Super Condensed Summer

August 16, 2009

Dear Family,

In mid-day in spring and summer, our window placement prevents direct sunlight from entering our living room. But on Friday I saw a sliver of light on the floor, signaling the winding-down of the season.

Jeff is already in mourning.


It's been such a good week. And it's strangely true that sweetness and fun just don't make for good jokes. If I really do meet my goal this year, of becoming a happy person, I might have to stop writing update letters.


Great times with old friends create a silver lining in the whole cloud of Getting Older. I never got it before, but now I'm starting to: the passage of time creates history, which has this knack for transforming really awesome people into irreplaceable friends.

Maybe part of it is that those friends, you know for sure, have been experiencing the time passing, too...

Ron and Karen were on their bikes when Jeff first met them twelve years ago, in the Grand Tetons. Bike trip connections seem to be rooted in concentrated experience, and it was like that even though I didn't get to know them until a year or two after the trip.

But none of us had met any of the kids who have sprouted in the past six years. Until last weekend, when Karen and Ron and Connor arrived for an action-packed six-day visit to Ithaca. Here's an approximate transcript of a conversation attempted between the two couples at the dinner table:

Sara: So, how's life in Maryland?

Ron: Good, we're...

Ben: Mama! I need the scissors!! Where are they?

Sara: On your table.

Ron: Well, just that it's...

Ben: They're NOT on the table! Where ARE they? I need to cut something!

Sara: _I_ didn't put them anywhere, Sweetie. Where did you last use them?

Jeff: I'll come find them. [Instantly locates scissors.]

Sara: Okay, let's be quick: serious, meaningful topics in three sentences or less.

Jeff: How 'bout that Habitat Destruction??

Karen: Actually, they're building a new highway near us, and thirty houses had to come down. The people...

Jem: Mama! POOP!!

Sara: Okay, use the step stool. [Sounds of scraping and banging from bathrom.]

Karen: It's...

Jem: [Pooping at the speed of light] DONE! DONE!! DONE!!! Mama--DONE!

Connor: Mommy, can we read this book?

Karen: Sure, Honey, in a couple of minutes. Are you hungry? You've still got dinner on your plate.

Ben: Where's the tape?

Sara: Jem, please go back and sit on the toilet till I get there. Hey Jeff, keep notes for me, okay? You can update me on the conversation when I get back.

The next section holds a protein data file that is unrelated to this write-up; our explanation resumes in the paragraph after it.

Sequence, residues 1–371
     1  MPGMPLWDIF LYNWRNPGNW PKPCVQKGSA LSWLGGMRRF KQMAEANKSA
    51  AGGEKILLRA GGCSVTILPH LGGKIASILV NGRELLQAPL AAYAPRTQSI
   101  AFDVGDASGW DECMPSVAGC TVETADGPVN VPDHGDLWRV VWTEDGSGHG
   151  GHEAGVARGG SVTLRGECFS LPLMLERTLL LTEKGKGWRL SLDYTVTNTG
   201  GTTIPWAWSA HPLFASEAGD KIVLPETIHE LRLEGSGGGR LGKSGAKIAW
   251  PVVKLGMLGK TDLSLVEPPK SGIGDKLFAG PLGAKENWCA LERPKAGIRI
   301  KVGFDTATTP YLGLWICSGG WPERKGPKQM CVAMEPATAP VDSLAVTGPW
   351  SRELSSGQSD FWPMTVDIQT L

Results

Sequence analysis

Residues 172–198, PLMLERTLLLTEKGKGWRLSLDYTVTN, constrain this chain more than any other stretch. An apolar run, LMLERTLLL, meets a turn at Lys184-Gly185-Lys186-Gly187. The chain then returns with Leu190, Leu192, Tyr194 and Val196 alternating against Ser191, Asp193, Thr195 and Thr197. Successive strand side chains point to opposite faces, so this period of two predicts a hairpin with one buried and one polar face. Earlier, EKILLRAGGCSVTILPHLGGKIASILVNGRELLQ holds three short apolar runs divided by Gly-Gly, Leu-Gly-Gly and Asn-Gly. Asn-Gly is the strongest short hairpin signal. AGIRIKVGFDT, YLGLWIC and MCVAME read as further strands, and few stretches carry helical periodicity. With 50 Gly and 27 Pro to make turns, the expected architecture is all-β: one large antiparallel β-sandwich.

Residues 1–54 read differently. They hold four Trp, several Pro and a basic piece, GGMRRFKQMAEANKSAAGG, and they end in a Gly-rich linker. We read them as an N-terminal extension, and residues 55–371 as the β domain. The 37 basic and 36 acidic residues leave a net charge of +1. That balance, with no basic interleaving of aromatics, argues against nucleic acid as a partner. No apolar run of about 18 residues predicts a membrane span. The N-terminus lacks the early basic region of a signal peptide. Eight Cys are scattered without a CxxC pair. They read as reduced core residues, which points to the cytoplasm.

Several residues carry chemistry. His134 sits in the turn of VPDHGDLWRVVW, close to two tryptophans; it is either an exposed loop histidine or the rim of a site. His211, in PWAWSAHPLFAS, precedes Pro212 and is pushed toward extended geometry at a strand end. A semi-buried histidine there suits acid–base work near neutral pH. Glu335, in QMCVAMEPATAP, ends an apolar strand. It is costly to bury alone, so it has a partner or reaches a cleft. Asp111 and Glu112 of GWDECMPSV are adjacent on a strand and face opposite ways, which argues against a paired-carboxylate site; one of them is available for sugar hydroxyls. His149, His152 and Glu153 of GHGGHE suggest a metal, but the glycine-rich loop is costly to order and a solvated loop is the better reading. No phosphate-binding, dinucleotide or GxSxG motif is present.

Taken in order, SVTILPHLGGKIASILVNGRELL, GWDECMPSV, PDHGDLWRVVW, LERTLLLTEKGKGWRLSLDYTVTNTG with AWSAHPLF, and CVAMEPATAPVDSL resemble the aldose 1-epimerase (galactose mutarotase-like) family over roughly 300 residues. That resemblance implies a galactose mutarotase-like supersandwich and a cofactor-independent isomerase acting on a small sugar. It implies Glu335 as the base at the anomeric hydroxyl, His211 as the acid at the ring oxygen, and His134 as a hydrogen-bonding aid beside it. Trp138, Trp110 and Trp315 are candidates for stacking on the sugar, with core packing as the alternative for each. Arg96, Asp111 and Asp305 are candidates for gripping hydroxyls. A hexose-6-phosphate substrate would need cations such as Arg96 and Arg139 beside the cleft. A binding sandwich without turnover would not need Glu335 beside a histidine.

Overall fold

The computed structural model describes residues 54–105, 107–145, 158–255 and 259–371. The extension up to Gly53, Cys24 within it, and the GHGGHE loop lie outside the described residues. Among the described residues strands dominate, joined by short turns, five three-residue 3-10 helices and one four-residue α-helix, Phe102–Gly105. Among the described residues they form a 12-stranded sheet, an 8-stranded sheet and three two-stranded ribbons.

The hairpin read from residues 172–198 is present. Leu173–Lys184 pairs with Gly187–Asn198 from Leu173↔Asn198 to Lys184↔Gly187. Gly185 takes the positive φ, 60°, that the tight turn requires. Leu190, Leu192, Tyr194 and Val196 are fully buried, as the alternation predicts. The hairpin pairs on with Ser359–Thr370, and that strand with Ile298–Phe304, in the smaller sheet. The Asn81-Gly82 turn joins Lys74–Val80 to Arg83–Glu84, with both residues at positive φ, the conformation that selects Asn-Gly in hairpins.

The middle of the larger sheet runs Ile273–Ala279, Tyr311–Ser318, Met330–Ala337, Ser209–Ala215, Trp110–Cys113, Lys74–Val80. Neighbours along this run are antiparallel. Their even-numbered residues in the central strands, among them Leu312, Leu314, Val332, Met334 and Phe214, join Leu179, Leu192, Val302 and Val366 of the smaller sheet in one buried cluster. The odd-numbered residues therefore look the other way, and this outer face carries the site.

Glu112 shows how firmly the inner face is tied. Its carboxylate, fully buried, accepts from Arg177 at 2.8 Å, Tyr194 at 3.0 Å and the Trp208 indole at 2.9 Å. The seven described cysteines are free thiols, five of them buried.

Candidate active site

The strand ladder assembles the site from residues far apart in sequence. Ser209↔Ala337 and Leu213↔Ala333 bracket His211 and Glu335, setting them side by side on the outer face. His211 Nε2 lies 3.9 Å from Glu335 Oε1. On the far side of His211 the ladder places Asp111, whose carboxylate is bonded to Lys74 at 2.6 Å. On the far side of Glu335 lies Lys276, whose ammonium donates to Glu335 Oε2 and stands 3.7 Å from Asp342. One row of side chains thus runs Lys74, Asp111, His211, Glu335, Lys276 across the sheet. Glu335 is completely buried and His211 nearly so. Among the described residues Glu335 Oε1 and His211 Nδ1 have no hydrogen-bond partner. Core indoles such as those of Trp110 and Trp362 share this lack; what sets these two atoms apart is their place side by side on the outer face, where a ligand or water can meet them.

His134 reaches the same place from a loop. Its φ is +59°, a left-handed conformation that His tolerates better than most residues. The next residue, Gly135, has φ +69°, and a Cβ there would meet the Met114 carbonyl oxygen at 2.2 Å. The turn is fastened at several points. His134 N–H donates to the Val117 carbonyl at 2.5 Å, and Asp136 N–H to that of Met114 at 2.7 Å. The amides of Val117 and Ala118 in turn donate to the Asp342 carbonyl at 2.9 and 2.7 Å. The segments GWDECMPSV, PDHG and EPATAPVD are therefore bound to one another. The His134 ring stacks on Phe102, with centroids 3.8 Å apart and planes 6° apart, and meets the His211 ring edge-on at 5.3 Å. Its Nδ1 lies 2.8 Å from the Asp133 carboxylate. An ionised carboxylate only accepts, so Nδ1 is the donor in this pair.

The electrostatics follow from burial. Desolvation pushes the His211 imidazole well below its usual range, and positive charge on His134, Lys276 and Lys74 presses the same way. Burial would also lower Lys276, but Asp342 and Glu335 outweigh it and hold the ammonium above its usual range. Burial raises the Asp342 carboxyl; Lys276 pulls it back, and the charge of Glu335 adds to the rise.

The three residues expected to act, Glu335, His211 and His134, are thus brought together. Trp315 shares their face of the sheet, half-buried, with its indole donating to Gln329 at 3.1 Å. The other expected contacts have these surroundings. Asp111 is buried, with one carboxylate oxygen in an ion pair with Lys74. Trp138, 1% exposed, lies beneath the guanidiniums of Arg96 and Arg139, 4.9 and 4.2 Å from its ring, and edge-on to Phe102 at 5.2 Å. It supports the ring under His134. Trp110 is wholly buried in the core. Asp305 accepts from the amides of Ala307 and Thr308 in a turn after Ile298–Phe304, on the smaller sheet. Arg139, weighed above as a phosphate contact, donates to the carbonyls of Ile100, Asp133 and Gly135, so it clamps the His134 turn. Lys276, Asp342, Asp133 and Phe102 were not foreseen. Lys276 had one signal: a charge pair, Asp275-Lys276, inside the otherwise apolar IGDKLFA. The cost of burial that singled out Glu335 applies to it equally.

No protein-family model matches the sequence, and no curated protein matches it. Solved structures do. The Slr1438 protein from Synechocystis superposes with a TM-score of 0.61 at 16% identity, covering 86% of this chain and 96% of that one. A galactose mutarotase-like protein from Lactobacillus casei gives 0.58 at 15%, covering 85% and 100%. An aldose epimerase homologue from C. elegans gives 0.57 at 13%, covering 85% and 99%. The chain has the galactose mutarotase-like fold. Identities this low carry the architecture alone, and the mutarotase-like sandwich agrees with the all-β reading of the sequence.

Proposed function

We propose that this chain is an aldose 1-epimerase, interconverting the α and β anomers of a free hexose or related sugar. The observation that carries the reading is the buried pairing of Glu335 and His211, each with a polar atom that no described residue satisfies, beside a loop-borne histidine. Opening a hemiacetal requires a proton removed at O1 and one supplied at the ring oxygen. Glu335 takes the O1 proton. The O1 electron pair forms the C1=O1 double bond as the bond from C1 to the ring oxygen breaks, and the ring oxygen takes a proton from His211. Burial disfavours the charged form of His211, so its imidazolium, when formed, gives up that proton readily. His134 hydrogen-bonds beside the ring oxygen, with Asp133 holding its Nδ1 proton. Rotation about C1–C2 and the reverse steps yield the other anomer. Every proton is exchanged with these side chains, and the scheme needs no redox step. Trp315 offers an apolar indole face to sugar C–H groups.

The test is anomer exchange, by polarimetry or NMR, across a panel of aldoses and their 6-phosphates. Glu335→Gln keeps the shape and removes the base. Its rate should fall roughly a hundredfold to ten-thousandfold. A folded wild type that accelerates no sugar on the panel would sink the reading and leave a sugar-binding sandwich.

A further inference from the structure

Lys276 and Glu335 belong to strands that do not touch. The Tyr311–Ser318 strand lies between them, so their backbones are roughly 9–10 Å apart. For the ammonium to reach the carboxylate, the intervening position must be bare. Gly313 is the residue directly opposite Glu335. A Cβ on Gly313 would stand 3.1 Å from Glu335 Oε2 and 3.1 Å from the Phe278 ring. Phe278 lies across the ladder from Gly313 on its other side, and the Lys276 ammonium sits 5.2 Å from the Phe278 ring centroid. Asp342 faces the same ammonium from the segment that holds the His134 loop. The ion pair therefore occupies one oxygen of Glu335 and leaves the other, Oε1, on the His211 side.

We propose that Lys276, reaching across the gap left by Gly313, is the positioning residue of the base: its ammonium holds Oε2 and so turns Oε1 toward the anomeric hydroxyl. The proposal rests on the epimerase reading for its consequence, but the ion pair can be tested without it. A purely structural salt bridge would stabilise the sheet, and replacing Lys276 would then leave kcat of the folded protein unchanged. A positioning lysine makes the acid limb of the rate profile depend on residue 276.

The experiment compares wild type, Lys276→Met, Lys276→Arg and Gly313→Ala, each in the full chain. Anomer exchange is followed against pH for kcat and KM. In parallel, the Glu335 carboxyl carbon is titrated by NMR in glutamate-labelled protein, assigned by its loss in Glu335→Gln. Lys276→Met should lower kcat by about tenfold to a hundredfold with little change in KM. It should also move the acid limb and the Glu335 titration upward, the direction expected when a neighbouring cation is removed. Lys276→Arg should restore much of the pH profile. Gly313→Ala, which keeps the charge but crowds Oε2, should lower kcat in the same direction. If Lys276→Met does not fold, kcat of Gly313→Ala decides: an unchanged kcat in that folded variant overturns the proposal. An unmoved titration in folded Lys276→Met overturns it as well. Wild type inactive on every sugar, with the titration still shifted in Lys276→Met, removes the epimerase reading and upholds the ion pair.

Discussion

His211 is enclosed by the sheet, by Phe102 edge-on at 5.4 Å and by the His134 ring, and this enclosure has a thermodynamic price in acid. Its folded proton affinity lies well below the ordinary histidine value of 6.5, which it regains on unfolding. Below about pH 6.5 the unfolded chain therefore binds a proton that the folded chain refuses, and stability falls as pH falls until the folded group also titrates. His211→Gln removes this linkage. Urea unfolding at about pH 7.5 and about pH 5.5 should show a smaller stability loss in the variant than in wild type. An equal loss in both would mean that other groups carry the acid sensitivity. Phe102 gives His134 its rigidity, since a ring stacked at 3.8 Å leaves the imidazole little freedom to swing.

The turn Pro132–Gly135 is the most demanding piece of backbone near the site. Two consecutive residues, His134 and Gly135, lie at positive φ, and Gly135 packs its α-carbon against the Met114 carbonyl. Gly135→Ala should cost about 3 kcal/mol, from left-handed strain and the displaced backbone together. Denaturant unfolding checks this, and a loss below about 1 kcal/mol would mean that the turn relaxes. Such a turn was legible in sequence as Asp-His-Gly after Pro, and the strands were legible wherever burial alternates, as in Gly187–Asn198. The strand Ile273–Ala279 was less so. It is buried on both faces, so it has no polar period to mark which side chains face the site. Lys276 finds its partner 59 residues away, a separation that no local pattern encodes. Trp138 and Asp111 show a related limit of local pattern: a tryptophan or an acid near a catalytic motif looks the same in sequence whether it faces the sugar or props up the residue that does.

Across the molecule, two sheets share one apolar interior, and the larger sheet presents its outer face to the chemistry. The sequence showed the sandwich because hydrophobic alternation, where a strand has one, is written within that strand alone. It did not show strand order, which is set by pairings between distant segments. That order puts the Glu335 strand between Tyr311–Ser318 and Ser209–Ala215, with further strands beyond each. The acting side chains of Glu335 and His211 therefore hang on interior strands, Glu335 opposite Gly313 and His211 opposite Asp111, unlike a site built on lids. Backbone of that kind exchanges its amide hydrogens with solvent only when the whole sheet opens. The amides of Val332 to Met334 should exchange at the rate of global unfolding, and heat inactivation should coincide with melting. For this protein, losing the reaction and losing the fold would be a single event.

Ben: I can't find the stapler! Where _IS_ it!?

--End of Conversation.

Pop Quiz: What was the conversation topic? Two bonus points if you can remember any complete sentences, and who uttered them.


Despite our vivacious young'uns, Karen and Ron and Jeff and I carved out one evening to hang out, after the final child fell 10:22pm. It was totally worth the late night, and the brownies and vanilla ice cream and fresh strawberries were delicious, and the perseids even shot a few meteors in our general direction before the sky clouded over.


Sometimes I feel like I am the only one who notices certain non-sequiturs in the world. For example, an advertisement on a business card I saw recently: "Skincare for children inspired by the world of Eric Carle."

In case you don't remember, Eric Carle writes children's books, and is best known for "The Very Hungry Caterpillar."

Is it just me??


Through a somewhat miraculous chain of events, we went strawberry picking--yes, strawberries in August!--on Monday evening. And then again last night. I cannot fully convey how incredible it is to pick berries on a warm summer night. Possibly one of my best recent memories. Like somewhere, somehow, my good luck is grinning.


Jem is a very busy man these days. On Monday, when I took my eyes off him for three seconds to snap a photo of Ben, I heard a sickening thump. We were at the treehouse at the Cayuga Nature Center, and Jem was suddenly at the bottom of one of the ladders.

He cried for a long time, especially because he also needed a nap. He had a bruised tailbone, and injured pride, and I was simultaneously annoyed with him and feeling like the worst mother on the planet.